PHOENIX — A 10-year licensing agreement that allowed payday lenders operating in Arizona to originate loans above a 36 percent usury cap will be allowed to expire tomorrow, causing many payday lenders in that state to switch to offering automotive title loans — or close their doors.
The state's maximum annual interest rate for title loans will remain at 204 percent. The Durham, N.C.-based Center for Responsible Lending has reported that more than 200 Arizona payday loan stores have applied for title loan licenses since 2008, when a measure to extend the payday loan licensing program was struck down by voters.
Arizona will become the 16th state to apply the same annual interest rate to payday lenders as banks and finance companies. A similar movement is afoot at the federal level, where Sen. Dick Durbin (D-Ill.) has proposed an amendment to the Truth in Lending Act to include a 36 percent cap that would apply to all creditors. Durbin's proposal was put on the back burners as the recently enacted financial reform measures went before the House and Senate this year.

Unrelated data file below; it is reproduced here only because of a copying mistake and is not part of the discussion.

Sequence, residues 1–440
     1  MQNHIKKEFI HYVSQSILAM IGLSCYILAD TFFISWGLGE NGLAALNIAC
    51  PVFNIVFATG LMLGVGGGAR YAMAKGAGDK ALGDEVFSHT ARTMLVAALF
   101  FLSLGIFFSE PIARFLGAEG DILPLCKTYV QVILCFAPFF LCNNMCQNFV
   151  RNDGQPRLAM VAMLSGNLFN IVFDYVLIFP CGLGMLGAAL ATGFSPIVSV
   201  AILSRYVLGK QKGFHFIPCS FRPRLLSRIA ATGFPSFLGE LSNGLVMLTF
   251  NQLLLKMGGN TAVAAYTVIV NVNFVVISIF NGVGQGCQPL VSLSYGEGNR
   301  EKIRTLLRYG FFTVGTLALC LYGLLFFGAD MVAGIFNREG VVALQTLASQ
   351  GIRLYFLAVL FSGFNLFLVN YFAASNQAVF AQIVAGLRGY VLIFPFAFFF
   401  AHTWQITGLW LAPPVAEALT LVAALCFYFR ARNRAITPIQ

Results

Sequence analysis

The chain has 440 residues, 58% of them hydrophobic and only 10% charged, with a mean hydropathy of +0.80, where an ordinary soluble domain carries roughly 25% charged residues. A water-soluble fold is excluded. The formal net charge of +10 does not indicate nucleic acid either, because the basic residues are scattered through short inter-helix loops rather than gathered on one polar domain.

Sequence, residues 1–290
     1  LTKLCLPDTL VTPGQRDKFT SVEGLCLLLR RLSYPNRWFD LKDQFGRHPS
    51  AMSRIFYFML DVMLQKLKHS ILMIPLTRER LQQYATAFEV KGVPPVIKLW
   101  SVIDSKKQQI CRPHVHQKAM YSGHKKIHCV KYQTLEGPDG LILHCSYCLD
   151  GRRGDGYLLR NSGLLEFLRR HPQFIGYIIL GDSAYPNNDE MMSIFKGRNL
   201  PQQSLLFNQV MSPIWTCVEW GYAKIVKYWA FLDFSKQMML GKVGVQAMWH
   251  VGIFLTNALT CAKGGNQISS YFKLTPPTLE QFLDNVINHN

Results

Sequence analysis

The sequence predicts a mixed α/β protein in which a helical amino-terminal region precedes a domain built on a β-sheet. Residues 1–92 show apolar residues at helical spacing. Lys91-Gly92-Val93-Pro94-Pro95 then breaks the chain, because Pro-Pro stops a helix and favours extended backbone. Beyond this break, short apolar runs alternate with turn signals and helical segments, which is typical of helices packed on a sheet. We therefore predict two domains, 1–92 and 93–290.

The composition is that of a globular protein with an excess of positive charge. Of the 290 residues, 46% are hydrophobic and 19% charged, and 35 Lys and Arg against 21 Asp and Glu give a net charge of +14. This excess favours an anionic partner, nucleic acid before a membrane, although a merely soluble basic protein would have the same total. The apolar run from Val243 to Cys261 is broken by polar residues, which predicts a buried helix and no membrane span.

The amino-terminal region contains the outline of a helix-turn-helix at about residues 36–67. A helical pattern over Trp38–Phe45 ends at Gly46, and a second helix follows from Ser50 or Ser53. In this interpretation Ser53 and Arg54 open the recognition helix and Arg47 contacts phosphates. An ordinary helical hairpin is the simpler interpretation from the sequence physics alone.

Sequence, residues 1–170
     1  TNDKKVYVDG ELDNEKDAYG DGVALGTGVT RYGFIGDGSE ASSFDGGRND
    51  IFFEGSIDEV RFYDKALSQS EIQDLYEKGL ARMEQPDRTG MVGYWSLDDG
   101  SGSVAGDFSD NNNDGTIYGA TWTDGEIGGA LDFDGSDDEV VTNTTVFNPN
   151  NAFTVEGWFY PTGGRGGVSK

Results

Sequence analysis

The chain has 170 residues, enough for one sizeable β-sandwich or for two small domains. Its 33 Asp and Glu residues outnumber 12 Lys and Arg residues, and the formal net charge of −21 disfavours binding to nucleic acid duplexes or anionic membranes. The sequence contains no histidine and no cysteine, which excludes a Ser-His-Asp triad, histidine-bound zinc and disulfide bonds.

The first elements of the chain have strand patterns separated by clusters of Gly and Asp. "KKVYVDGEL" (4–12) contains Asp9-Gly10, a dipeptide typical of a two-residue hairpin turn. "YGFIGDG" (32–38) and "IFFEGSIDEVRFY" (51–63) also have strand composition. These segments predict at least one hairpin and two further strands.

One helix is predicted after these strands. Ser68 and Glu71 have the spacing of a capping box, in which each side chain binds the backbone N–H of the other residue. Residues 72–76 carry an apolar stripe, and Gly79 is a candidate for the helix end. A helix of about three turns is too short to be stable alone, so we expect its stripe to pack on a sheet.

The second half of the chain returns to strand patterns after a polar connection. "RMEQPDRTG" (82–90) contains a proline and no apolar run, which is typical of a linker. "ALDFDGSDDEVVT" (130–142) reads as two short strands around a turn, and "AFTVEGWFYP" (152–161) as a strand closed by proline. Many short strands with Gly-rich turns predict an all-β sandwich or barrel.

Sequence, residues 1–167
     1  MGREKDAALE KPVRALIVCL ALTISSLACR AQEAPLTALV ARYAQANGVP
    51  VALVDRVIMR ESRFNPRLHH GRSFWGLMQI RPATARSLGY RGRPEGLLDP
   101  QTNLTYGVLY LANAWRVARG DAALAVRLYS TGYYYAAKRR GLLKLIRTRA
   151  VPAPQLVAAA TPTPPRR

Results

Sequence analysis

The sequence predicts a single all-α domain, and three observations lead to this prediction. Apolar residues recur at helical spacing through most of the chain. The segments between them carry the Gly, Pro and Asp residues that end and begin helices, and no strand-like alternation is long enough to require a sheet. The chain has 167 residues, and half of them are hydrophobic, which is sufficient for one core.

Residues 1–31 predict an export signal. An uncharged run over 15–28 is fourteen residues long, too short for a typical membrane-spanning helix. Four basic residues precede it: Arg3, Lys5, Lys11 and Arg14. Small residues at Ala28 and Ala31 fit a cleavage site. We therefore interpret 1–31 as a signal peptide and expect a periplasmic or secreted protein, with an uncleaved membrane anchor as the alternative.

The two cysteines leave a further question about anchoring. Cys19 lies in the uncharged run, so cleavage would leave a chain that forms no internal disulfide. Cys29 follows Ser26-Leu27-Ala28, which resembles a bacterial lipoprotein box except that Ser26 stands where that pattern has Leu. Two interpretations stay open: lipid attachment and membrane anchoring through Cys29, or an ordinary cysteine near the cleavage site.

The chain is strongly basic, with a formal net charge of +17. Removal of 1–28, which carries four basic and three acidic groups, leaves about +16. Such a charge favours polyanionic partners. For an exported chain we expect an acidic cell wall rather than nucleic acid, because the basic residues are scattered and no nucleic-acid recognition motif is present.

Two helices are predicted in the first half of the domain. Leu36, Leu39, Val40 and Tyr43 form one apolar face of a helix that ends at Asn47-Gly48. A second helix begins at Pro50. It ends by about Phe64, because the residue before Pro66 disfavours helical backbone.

The specter of a national usury cap hangs over independent automotive dealers, especially those who carry their own paper. The July issue of F&I and Showroom features a Q&A in which National Alliance of Buy Here, Pay Here Dealers founder Kenneth Shilson expresses his distaste for legislators who group BHPH dealers in with predatory loan practices.
"The BHPH business will not get a get-out-of-jail-free card," Shilson told the magazine. "I wish it would. ... If they think the government can head off another financial crisis with more regulation, they’re wrong. What will really happen is people will find "alternative" financing on their own, and that will create a black market."